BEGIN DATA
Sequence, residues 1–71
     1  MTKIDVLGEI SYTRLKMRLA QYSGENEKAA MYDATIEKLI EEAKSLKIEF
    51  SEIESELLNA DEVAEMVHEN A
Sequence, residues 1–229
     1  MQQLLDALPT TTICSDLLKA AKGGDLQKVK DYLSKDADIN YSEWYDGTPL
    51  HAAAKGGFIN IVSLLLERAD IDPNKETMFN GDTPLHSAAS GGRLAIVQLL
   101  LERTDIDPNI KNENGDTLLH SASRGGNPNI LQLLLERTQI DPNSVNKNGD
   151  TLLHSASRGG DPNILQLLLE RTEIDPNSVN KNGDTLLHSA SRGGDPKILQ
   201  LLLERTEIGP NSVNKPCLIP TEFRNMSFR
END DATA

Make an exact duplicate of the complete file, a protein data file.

Sequence, residues 1–71
     1  MTKIDVLGEI SYTRLKMRLA QYSGENEKAA MYDATIEKLI EEAKSLKIEF
    51  SEIESELLNA DEVAEMVHEN A
Sequence, residues 1–229
     1  MQQLLDALPT TTICSDLLKA AKGGDLQKVK DYLSKDADIN YSEWYDGTPL
    51  HAAAKGGFIN IVSLLLERAD IDPNKETMFN GDTPLHSAAS GGRLAIVQLL
   101  LERTDIDPNI KNENGDTLLH SASRGGNPNI LQLLLERTQI DPNSVNKNGD
   151  TLLHSASRGG DPNILQLLLE RTEIDPNSVN KNGDTLLHSA SRGGDPKILQ
   201  LLLERTEIGP NSVNKPCLIP TEFRNMSFR